Production models of the Webley-Fosbery are marked on the barrel rib:  "Fosbery Auto Revolver," followed by "Made by the Webley & Scott Revolver & Arms Co."  The revolvers will also bear the Webley trademark "flying bullet" on the left side of the barrel lug, Birmingham proof marks on the barrel, cylinder, and frame, and the serial number on the right side of the frame.  After about serial number 200 the markings were changed to "Webley-Fosbery Automatic."  The cartridge markings were either ".38 Automatic" or ".455 cordite only."  The .455 marking specified the .455 cordite load specifically so as to ensure that the .450 Webley cartridge, a black powder load, would not be used - the .450 did not generate sufficient recoil to reliably cycle the Webley-Fosbery.

As noted before, the original 1901 models were superseded a year later.  Among the improvements was the removal of the cylinder retaining latch from the side of the action, near the pivot hinge point.  The latch, which was left over from the gun's Webley Mk. IV origins, was replaced by a spring loaded stud in the topstrap.  Cylinders were modified to accommodate the latch with shallow, rounded relief cuts milled onto the front edge of the cylinder.  The final modification was released in 1914.  On that model the cylinder was shorter than on earlier models, and modifications were made to the trigger spring and recoil lever to strengthen them.  The majority of Webley-Fosberys were of the 1914 pattern.

The Webley-Fosbery soon earned a devoted following among the British target shooting fraternity. The Country Gentleman magazine for July 1901 reported:

The six cartridges carried by the Webley-Fosbery can be discharged with good aim in six seconds.  We saw them discharged at the Bisley range in the course of a competition in little over seven seconds, so that  we can quite believe the claim that six seconds are sufficient to fire all six shots and get them near the bull's-eye on targets at revolver ranges.
One of the Webley-Fosbery's advantages to the target shooting community was that the trigger mechanism had nothing to do with indexing the cylinder.  As a result, let-offs were consistent, light, and smooth, permitting rapid and accurate shooting.  Famous target shooter Walter Winans (an American expatriate living in Great Britain) was a devotee of the Webley-Fosbery.  In 1902, Winans fired six shots into a two inch bull's-eye at 12 paces in seven seconds.  In a similar feat, using a speed loader, Winans fired twelve shots into a three inch bull's-eye in approximately 15 seconds.  Winans stated a preference for the Webley-Fosbery over the double-action revolver as he found it almost impossible to do accurate, rapid shooting with the double-action revolver.   Additionally, Winans preferred the Webley-Fosbery to self loading pistols as it offered the same rate of fire with the accuracy of a single action revolver.  Another advantage of the design was that a considerable portion of the recoil energy is absorbed in cylinder rotation, making the gun very pleasant to fire.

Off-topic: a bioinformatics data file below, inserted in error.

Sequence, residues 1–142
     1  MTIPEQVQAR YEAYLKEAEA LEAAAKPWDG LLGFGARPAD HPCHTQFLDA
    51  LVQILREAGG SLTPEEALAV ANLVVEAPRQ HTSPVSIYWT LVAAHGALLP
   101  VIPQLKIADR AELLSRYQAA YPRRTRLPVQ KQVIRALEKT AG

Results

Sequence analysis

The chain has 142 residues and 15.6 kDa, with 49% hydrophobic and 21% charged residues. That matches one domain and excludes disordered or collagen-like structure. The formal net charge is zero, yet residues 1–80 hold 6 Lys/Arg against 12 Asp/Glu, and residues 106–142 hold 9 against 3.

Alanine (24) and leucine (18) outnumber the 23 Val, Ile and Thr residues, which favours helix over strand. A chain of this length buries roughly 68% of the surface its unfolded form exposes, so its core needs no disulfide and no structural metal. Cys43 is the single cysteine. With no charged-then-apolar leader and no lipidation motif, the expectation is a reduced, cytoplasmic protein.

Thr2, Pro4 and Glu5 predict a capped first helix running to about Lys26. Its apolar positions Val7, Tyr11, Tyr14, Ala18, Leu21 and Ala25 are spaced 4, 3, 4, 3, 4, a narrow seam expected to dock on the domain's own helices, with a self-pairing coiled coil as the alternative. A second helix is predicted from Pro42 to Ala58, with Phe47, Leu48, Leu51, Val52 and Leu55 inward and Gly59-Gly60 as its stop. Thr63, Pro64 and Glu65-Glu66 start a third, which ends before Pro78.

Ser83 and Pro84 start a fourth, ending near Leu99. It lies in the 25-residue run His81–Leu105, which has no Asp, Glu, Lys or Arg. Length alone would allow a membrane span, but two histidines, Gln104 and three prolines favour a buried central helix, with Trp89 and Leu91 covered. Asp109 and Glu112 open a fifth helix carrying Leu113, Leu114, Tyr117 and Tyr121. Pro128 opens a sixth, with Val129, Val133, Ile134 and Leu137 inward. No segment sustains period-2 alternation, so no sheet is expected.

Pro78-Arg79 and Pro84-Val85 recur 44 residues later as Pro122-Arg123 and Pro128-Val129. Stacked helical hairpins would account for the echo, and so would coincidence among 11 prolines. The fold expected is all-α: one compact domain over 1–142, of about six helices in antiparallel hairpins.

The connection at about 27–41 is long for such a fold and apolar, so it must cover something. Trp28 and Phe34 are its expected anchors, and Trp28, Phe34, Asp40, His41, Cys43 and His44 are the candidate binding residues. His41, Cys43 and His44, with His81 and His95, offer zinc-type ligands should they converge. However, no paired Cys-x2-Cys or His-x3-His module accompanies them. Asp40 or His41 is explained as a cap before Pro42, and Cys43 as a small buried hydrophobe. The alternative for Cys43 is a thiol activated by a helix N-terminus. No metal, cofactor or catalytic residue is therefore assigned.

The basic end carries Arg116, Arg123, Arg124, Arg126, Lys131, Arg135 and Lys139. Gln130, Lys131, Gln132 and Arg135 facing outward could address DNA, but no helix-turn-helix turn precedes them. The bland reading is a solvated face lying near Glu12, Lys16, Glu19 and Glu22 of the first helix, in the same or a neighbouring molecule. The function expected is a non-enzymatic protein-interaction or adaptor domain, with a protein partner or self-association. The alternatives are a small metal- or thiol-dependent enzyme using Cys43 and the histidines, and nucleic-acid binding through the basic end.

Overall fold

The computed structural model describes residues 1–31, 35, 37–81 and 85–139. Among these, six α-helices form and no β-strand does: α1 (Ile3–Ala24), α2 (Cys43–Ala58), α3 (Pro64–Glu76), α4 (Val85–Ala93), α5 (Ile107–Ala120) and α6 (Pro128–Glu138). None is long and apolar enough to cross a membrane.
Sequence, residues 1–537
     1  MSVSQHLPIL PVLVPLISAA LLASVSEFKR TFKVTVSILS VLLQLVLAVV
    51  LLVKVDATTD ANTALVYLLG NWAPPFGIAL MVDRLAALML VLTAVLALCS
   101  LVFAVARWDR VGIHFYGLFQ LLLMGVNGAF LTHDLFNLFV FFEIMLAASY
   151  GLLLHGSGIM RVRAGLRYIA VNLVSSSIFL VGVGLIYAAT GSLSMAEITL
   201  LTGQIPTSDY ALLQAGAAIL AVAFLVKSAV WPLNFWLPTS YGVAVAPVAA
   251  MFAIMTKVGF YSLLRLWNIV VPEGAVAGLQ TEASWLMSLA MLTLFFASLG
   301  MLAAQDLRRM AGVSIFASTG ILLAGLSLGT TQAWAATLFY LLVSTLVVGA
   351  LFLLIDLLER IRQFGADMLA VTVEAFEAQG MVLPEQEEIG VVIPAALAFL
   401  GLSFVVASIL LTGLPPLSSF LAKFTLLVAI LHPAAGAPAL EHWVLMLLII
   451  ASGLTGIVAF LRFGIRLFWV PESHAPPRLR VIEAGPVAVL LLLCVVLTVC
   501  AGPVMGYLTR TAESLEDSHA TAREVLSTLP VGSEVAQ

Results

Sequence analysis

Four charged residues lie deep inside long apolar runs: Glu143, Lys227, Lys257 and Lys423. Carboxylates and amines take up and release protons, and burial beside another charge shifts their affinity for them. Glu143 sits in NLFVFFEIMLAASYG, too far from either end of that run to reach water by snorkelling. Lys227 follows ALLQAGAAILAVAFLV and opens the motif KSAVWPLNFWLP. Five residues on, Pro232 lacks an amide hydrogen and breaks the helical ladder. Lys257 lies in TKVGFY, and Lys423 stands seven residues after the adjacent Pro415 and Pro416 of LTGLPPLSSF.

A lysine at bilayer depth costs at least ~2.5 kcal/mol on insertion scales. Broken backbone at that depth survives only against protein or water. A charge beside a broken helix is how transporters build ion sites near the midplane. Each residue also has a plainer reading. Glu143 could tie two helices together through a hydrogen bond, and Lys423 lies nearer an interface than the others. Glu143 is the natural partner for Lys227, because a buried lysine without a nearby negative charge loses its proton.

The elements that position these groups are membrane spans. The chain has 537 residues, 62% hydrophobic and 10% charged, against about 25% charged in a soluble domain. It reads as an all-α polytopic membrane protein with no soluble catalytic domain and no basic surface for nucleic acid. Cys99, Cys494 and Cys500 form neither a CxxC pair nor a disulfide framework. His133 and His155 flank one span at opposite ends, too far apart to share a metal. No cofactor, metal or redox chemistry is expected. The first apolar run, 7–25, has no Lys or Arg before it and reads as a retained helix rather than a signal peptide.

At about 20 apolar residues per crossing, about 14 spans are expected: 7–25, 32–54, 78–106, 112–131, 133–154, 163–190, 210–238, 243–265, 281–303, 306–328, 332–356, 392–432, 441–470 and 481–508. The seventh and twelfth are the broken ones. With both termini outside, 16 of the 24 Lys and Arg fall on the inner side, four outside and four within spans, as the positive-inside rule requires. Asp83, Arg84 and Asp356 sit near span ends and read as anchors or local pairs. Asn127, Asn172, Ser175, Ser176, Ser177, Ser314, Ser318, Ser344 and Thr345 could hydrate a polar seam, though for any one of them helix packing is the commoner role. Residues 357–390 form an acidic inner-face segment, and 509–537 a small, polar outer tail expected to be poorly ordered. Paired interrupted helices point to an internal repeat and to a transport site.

Webley was quick to cater to shooters' needs, offering the Webley-Fosbery with standard barrel lengths of 7.5", 6", and 4", as well as special barrels made to order, barrel rib variations, and grip shape and size variants.  Additionally, a single shot .22 adapter was available.  This consisted of a barrel insert and a single chamber which replaced the cylinder.  The adapters were serial numbered to the pistol for which they were originally ordered.
Webley-Fosbery 1914 Target Model
Webley-Fosbery 1914 Target Model
Image credit:  Dowell, William Chipcase, The Webley Story, Commonwealth Heritage Foundation, Kirkland, Washington: 1987  Page 209

The 1914 Model was sold with a full flap holster, and not a few of them made their way on officers' Sam Browne belts to France during the Great War.  Many reports suggest that the Webley-Fosbery was more susceptible to jamming when subjected to the dirt and mud than other types, and that this was the reason it was never adopted as a service arm.  Indeed, if a Webley-Fosbery fails to function, it must be cocked by hand, which also rotates the cylinder, thus converting it into an awkward single action revolver.  A more telling reason for the gun's being passed over is that it requires an absolutely rigid arm in order to function; when held loosely, the Webley-Fosbery has a tendency to fail to cycle; a condition akin to the results of "limp wristing" a modern autoloader.

Webley-Fosbery production ceased in 1918, but remained in Webley catalogues until 1939, with a total production of about 4,750.


Dowell, William Chipcase, The Webley Story, (Commonwealth Heritage Foundation, Kirkland, Washington:  1987)

The Webley Story is available from IDSA Books.  Click on the image to order:
The Webley Story